Wreck It Ralph opens in theaters November 2nd.
The more I blog and share about my own self identity quest, the more I find that self identity is a complex but universal issue … even for Wreck It Ralph, a bad guy who wants to be good.
Ralph is the bad guy in the video game Fix It Felix. Ralph breaks windows in the building and Felix rescues the townspeople by fixing everything with his magical hammer. At the end of each game, Felix is awarded with a gold medal and Ralph is thrown off the top of the building and sent to live in the dump. It’s the video game’s 30th Anniversary and the townspeople offend Ralph by not inviting him to the party even. Ralph crashes the party and then literally crashes the party. In order to prove to them that he can win medals too, he goes rogue in search of his own medal.
After the arcade closes, the characters of each game can visit other characters via a portal that reminds me of Grand Central. He ends up in Hero’s Duty, a high-definition combat game where the object is to kill the invading Cy-bugs with guns and climb a tower in order to grab the winning gold medal. With much disruption, Ralph is able to get that medal but it comes at a price of risking the ruin of more than one video game.
In an unexpected adventure, Ralph ends up in Sugar Rush, a go-kart racer game, where he meets Vanellope von Schweetz. She steals his medal and the audience’s heart. This sweet and spunky race-car-driver wannabe has a plan to enter the race to get back in her own video game. Initially, Ralph just wants his medal back (and frankly can’t believe she just stole it). However, after realizing that he and Vanellope are more alike than different, he decides to stick around and help her out. If she wins the race, she gets the in the game and he gets his medal.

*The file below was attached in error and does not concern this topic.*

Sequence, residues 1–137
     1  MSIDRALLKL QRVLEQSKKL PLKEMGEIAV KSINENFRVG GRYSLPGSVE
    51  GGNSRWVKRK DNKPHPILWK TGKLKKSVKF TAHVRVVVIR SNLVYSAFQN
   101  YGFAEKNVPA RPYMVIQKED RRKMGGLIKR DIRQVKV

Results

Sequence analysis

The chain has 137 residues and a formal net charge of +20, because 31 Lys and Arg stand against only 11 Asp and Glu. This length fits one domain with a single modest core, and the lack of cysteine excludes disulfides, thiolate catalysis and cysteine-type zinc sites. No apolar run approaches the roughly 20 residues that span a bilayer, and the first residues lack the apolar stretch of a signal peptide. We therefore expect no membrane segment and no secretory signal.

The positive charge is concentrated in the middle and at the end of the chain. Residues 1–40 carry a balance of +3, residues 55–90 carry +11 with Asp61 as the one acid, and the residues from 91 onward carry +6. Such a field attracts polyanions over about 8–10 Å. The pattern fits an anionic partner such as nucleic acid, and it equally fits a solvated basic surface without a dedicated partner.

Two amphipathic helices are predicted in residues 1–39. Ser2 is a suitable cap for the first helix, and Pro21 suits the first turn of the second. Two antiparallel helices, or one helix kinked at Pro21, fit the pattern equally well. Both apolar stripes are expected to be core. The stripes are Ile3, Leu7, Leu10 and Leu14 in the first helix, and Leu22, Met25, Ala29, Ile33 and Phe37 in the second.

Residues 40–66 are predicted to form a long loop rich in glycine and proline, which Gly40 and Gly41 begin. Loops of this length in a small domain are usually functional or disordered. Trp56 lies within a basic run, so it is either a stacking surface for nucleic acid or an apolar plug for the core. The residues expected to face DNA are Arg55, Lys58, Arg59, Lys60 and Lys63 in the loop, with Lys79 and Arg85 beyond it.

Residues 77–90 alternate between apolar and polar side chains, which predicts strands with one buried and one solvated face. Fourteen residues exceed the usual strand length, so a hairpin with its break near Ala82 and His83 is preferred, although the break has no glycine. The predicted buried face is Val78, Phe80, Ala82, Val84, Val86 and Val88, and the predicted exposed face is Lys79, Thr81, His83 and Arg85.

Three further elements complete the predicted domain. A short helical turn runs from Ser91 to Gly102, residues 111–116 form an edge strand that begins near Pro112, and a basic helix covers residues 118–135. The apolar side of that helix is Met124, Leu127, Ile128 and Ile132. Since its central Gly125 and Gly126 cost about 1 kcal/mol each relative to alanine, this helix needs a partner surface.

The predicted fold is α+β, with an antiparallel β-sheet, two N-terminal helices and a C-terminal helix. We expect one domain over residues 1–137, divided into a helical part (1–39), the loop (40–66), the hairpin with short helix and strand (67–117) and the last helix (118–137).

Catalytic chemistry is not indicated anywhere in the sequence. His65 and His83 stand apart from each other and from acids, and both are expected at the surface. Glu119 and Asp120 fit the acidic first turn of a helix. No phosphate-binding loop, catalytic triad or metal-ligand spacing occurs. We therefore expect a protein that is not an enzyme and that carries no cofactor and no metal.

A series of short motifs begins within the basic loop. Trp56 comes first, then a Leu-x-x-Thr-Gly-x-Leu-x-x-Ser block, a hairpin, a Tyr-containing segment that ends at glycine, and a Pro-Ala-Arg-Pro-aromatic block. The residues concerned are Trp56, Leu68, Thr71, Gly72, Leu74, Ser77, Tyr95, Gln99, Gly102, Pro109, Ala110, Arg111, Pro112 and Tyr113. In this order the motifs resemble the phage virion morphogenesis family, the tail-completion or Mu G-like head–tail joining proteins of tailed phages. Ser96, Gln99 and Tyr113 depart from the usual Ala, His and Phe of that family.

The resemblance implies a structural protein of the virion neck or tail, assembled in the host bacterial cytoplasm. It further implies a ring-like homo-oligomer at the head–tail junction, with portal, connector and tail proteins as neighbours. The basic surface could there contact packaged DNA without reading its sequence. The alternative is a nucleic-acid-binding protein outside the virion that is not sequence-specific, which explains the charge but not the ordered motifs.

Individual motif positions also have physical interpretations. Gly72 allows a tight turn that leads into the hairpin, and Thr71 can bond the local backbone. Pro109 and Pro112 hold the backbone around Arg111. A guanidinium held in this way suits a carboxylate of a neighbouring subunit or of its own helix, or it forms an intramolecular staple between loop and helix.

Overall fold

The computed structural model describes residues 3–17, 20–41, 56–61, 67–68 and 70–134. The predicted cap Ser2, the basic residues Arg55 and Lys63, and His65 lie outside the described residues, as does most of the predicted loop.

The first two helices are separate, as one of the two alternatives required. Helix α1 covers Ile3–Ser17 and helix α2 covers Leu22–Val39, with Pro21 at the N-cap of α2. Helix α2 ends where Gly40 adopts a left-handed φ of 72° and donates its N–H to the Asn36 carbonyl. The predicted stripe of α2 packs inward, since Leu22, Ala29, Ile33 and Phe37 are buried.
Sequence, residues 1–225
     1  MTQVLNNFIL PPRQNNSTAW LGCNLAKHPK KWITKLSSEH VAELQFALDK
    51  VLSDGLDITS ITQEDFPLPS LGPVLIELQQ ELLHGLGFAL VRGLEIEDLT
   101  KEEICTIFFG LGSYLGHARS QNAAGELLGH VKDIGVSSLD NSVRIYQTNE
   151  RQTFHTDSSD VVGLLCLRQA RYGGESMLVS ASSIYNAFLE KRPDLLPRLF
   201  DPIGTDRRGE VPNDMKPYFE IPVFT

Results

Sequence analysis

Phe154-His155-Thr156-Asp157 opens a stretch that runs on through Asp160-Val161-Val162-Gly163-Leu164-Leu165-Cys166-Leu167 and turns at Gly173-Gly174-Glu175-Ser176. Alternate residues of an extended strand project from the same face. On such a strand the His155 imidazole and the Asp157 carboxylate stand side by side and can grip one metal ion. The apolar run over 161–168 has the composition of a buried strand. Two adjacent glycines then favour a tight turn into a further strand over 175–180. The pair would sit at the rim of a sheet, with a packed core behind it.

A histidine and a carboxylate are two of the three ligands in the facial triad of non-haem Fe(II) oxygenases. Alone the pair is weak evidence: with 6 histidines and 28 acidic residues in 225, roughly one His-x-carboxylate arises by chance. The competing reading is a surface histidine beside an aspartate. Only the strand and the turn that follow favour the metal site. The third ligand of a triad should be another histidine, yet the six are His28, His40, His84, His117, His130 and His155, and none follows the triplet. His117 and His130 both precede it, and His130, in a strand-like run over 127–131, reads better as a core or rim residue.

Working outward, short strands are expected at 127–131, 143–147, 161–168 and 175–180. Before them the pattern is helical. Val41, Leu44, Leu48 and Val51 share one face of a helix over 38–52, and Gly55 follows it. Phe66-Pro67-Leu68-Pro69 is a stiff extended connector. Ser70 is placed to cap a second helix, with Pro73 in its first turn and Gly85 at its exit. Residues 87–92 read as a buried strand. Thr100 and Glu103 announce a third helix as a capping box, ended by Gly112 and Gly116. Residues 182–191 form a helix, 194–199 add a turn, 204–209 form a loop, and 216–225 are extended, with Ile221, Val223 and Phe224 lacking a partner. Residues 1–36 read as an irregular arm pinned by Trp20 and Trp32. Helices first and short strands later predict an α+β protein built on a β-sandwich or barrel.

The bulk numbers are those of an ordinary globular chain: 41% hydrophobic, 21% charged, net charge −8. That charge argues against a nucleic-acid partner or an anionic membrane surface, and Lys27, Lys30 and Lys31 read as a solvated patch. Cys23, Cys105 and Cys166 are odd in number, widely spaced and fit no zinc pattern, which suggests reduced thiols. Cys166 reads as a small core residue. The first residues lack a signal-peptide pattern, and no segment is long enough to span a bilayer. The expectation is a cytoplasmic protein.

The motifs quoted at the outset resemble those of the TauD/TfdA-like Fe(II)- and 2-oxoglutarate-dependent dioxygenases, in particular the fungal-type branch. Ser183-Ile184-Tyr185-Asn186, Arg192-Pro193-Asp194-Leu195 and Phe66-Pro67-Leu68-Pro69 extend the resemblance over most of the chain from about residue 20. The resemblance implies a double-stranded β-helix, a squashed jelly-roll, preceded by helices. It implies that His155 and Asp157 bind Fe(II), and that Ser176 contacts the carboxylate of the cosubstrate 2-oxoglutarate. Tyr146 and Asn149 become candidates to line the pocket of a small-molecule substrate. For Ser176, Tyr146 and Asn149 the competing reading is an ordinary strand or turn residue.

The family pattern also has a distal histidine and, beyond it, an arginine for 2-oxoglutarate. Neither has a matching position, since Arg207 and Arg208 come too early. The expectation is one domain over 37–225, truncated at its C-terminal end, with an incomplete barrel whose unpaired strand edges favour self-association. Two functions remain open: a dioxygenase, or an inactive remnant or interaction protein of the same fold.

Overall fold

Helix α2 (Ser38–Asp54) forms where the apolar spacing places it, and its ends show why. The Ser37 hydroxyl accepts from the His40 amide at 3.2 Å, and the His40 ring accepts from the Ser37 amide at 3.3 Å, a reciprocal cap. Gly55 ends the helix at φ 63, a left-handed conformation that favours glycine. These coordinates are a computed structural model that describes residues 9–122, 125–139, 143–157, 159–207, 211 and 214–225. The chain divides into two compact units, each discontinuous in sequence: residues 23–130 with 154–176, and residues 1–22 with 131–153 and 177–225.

Ralph is an outcast in his game because he is the bad guy. He lives in a dump and wrecks everything he touches. He’s the only bad guy in Fix It Felix and he is questioning his purpose. Vanellope is an outcast because she is technically a glitch in the Sugar Rush. Her digital glitch not only causes others to push her away and ban her from the race that is the game. No one can convince her that she doesn’t belong and that she isn’t a racer to the core or as she puts it “feels it in her code.”
After a turn of events, the real bad guy is revealed. See, Ralph learns the lesson of the the bad guy mantra, “I’m bad, and that’s good. I will never be good, and that’s not bad. There’s no one I’d rather be than me.” He realizes his purpose and tries ‘fix’ what he has wrecked. Will he do it in time and will he help Vanellope win her race and discover her unique identity?
Thanks to Disney, my family was able to see the movie and we gave it 8 thumbs up. The boys laughed, my husband even enjoyed it and at one point I thought I was going to cry. What can I say? I’m a wreck sometimes.
What I liked: revisiting all the video games, the humor and the action. We watched it in 3-D and that’s the way to watch a movie about video games!
What I wasn’t crazy about: a scene in the Hero’s Duty where Sergeant Calhoun uses a, a-hem, colorful word to refer to the solders. My boys didn’t ask about it but parents just beware. I’d prefer the word just be removed all together.
Disclaimer: ¿Qué Means What? did receive complementary tickets for an advance screening. This post was not required. All opinions are my own.